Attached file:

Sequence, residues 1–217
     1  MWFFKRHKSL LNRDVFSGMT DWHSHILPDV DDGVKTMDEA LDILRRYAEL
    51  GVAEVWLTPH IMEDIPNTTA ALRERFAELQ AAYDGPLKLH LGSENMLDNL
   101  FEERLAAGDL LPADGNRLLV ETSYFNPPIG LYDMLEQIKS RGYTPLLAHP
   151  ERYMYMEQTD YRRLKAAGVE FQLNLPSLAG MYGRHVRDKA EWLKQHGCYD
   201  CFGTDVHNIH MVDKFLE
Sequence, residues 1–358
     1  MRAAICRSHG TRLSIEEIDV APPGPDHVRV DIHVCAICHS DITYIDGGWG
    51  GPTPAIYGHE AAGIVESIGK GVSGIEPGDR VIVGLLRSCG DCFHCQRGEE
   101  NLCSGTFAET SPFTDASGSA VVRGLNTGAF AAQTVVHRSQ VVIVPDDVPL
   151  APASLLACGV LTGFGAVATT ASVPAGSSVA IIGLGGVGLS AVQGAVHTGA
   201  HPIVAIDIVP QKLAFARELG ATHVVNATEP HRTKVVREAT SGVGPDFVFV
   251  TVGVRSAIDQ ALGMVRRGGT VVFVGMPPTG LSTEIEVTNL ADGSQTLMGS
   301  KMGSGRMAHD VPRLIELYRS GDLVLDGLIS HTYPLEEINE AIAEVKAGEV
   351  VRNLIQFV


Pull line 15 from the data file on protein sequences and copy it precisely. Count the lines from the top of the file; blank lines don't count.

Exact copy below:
   351  VRNLIQFV